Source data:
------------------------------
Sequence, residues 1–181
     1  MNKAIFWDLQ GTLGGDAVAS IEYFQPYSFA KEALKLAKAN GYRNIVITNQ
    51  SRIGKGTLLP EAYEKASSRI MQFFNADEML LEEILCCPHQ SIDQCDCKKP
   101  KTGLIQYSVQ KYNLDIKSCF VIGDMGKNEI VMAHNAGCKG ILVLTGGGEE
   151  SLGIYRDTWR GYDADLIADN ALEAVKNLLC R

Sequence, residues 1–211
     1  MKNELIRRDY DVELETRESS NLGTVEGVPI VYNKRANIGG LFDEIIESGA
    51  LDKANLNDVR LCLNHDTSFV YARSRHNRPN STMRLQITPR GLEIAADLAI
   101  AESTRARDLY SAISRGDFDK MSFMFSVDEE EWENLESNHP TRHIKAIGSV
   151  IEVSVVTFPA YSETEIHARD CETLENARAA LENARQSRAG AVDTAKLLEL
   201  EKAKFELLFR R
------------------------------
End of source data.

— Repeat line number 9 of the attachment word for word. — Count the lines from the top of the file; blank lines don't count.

   101  AESTRARDLY SAISRGDFDK MSFMFSVDEE EWENLESNHP TRHIKAIGSV